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ANTENTOP- 02- 2003, # 003

Old computer's PSU

 

Where:

 

P1- a dissipated power by the load,

P2 - a consumed power by the transformer.

 

P1 and P2 are equal:

 

P1 = I2R,

 

P2 = It2Rt,

 

 

Where:

I - a current going to transformer load,

It - a current going to the transformer from a transmitter,

R- the transformer's load resistance,

Rt- an input resistance of the transformer.

Here P is in watts, V, I, R are in volts, amperes and ohms.

 

Finding the efficiency by means of metering of RF currents

 

 

A transformer load resistance is known. Transformer's input resistance was early obtained by the circuit shown in Fig. 13. Thereby it is easy to find the efficiency. Note: The efficiency of the transformer was defined when a RF power of 10 watts gone to the transformer.

 

Instead of this it is possible to use another method.

 

Fixing of the efficiency with the help of RF- voltmeters

 

It is very easy to find the efficiency using the circuit shown on Fig. 14. However, RF ammeters are not widely used in a ham practice, on other hand RF voltmeters are common used devices. As result of this many hams would prefer to find the efficiency using only RF voltmeters. The “voltage” method is shown in Fig. 15. I used several RF voltmeters for my experimenters. One RF voltmeter was a commercial made Russian RF voltmeter, model VK-7 -4. Others voltmeters were home made, the reference [1] shows its circuits. I used a commercial made Russian oscilloscope model N-3015 like an RF voltmeter for several experimenters. Remember an oscilloscope shows a peak to peak (p-p) value of RF voltage, the RF Vrms (root means square) is root square from V p-p. Certainly, usually an oscilloscope has much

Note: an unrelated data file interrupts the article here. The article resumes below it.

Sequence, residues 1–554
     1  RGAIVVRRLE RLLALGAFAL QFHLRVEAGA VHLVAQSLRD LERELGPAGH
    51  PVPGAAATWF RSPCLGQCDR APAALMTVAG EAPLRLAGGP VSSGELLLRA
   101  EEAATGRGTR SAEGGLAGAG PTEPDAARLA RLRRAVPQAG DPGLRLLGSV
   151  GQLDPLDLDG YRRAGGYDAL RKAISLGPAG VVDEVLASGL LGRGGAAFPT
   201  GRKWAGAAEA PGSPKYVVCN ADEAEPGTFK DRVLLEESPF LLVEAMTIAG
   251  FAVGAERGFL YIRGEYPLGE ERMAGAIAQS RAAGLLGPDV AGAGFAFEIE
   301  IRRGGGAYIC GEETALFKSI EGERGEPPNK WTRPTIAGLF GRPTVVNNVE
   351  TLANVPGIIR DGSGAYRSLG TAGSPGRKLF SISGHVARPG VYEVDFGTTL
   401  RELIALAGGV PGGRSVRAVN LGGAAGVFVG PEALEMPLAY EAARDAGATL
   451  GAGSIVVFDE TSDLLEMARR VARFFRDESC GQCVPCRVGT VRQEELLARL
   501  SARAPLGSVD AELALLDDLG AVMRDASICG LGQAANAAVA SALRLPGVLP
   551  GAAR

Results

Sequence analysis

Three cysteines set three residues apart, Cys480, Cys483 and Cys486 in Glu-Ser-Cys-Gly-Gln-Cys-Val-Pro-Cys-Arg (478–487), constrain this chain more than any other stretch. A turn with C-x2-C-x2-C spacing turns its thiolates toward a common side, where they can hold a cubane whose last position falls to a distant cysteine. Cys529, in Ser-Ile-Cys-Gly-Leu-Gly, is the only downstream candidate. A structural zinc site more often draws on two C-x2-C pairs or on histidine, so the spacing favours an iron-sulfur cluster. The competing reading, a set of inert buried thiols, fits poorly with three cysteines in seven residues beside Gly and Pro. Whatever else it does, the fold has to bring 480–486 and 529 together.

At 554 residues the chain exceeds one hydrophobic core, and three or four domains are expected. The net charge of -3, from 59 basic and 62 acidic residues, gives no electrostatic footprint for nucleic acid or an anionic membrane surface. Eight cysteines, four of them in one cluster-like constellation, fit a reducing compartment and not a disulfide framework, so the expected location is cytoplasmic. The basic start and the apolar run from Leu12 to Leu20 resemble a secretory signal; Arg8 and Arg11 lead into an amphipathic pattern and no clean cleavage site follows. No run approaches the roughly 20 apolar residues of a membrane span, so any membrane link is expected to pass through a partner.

more metering error then a good RF voltmeter.

 

It is possible to find the efficiency of the RF transformer when both RF voltages, one at a transformer load another at the primary winding, are fixed. The efficiency (Eff) is equal:

 

Eff = P1/P2,

 

Where:

 

P1- a dissipated power by the load,

P2 - a consumed power by the transformer.

 

 

P1 and P2 are equal:

 

P1 = V12/R;

 

P2 = V22/Rt,

Where:

 

V1- an RF voltage across a transformer load,

V2- an RF voltage across the primary winding of an RF transformer,

Rt- an input resistance of an RF transformer,

R- a resistance of a transformer load.

 

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